55 years of Ohio homicides scrutinized by researchers

Criminologists, sociologists and historians have long wondered why homicide rates rise and fall.
MCT Regional News
Jan 20, 2014

Randolph Roth spends his days digging through public records, perusing police case files and scanning ribbons of microfilm as he pieces together the demise of yet another victim.

With each completed summary, the Ohio State University professor of history and sociology inches closer to his goal: recording enough details about enough homicides to shed light on 55 years worth of Ohio slayings.

Criminologists, sociologists and historians have long wondered why homicide rates rise and fall. Some cite the changing markets for illegal drugs. Others fault the economy or a culture that glorifies violence.

Roth, author of the book American Homicide, theorizes that homicides are linked to a broader sense of how unified a community or nation might be and how connected its citizens feel. When such feelings are strong, he says, the homicide rate falls. When citizens feel divided, undervalued or isolated, the rate rises.

To substantiate any such theories, researchers need reliable data. According to Roth and Wendy Regoeczi, the director of Cleveland State University’s Criminology Research Center, even serious crimes such as homicide are at risk of being misreported or not reported at all.

“There’s a tremendous amount of research on homicide,” said Regoeczi, who is working with Roth to build a database tracking Ohio homicides back to the 1950s.

But, although homicide statistics tend to be more reliable than those for other crimes, Roth and Regoeczi are finding plenty of problems, she said.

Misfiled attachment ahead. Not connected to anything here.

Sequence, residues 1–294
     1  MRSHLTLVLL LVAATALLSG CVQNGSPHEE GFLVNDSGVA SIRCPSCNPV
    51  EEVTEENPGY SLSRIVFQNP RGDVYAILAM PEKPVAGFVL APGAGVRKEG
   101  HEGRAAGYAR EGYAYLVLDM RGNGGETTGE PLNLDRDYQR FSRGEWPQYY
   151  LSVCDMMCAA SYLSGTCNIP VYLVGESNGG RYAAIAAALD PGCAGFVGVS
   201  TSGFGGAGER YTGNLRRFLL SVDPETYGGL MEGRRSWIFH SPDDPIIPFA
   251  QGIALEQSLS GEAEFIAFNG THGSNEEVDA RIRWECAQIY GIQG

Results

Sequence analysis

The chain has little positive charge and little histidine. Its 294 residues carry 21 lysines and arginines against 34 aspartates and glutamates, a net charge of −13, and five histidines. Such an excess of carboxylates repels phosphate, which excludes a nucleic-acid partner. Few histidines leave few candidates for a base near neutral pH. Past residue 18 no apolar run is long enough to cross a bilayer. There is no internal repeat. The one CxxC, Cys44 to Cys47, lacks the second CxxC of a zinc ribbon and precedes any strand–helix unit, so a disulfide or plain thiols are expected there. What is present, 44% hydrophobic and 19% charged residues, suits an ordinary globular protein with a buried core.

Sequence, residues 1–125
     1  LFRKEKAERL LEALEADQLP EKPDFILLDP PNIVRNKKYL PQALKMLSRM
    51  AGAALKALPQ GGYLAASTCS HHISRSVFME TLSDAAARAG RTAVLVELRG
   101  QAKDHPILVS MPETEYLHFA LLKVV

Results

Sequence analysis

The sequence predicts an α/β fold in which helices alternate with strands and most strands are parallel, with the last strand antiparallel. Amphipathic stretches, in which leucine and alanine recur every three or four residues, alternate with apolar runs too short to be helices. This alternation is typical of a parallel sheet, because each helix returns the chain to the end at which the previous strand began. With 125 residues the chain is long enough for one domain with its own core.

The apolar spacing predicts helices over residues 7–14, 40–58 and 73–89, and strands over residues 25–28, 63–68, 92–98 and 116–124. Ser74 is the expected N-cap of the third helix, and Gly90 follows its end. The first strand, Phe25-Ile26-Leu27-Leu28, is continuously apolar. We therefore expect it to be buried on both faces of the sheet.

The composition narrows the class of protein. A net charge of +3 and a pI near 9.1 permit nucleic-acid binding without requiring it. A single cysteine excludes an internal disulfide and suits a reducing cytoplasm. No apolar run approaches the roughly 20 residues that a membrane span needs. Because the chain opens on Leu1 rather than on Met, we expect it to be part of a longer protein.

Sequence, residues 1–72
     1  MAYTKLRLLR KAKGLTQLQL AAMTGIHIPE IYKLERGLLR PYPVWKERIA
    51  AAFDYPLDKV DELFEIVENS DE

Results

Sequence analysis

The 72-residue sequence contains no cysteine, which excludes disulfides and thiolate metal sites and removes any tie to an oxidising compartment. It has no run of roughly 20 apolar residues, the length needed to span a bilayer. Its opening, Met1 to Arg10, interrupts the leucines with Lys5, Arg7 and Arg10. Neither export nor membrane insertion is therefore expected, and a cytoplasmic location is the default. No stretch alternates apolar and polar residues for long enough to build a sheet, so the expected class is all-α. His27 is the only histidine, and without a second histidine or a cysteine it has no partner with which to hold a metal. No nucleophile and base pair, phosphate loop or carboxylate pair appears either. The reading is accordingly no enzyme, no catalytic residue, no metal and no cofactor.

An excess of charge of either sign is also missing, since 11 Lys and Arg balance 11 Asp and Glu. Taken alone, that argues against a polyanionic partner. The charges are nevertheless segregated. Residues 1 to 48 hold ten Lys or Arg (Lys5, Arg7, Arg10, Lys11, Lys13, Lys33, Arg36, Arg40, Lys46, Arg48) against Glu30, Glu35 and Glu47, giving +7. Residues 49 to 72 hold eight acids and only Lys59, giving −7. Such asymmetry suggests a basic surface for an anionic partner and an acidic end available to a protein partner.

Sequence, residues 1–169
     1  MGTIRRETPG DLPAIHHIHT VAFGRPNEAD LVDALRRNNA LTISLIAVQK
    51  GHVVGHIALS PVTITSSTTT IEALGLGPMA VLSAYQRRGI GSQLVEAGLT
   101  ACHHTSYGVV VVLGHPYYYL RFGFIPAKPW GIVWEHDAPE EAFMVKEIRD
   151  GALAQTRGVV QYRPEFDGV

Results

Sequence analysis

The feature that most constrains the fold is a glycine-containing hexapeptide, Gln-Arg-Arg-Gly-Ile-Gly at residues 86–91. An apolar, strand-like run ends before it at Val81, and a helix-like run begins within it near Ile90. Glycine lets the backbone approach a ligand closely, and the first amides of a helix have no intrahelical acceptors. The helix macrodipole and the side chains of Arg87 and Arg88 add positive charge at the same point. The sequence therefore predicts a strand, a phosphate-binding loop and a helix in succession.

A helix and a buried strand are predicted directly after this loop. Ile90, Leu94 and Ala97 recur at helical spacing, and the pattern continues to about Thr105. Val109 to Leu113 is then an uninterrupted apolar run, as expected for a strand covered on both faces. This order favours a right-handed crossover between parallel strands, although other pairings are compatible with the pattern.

Their current work is the pilot program for the National Homicide Data Improvement Project, which aims to collect accurate information so that those who study crime and set public policy have more reliable numbers to work with.

Before moving on to other states, the research team is chronicling homicides that occurred between 1959 and 2010 in 22 Ohio counties.

That should provide a big enough sample to draw valid statewide conclusions, Roth said.

While Roth’s graduate students collect data from such places as the Ohio Historical Society, he spends sometimes 10 hours a day pulling case files at the Columbus Division of Police headquarters, the Cincinnati Police Department, and sheriffs’ and coroners’ offices throughout Ohio.

He cross-checks the law-enforcement records with those of health departments and collects newspaper accounts of deaths. He also speaks to local historians — in some places, he said, the number of homicides the researchers have identified is 30 percent higher than the official law-enforcement count.

Some agencies, Roth said, had reported no killings to the FBI for years, probably because reporting wasn’t mandatory and the reports take time and money.

Roth collects as many details as he can about each victim, the circumstances of the killing, and any information that brings the era in which it occurred to life. “You build a narrative,” he said.

He logs the details into a sprawling database that he hopes will paint a grim but more-thorough picture of Ohio’s homicidal history. Throughout are signs of the times: people being killed during organized-labor disputes, street riots and times of racial unrest.

Cmdr. Kelly Weiner of the Columbus police Crimes Against Persons Bureau said the division has worked with OSU researchers before, knowing that the university is better equipped to conduct research on such a large scale.

“Hopefully we’ll get some valuable data that will help us to prevent future homicides,” Weiner said. “To have someone flesh out that data throughout Ohio, I think that would be beneficial for all Ohioans.”

Regoeczi, with the help of a graduate student, is collecting the data for homicides in Cuyahoga County. That is a tall order: Cleveland recorded 333 in 1972 alone.

“I could use an army, quite frankly,” she said.

Cleveland police have given her access to old files and handwritten homicide log books that date to 1957.

The work is time-consuming, partly because Regoeczi finds so many of the cases riveting.

“It’s hard not to get caught up in the details,” she said. “You get so much better of a sense of how these events unfold and what’s going on behind them.”

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By Theodore Decker - The Columbus Dispatch, Ohio (MCT)

©2014 The Columbus Dispatch (Columbus, Ohio)

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